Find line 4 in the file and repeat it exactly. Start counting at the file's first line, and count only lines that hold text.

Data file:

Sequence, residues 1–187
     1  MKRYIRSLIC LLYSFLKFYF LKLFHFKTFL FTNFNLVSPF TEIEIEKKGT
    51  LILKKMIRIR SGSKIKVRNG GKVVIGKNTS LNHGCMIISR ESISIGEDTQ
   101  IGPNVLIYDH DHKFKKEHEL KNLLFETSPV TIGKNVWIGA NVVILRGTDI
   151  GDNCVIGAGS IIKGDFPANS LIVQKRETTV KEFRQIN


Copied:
   101  IGPNVLIYDH DHKFKKEHEL KNLLFETSPV TIGKNVWIGA NVVILRGTDI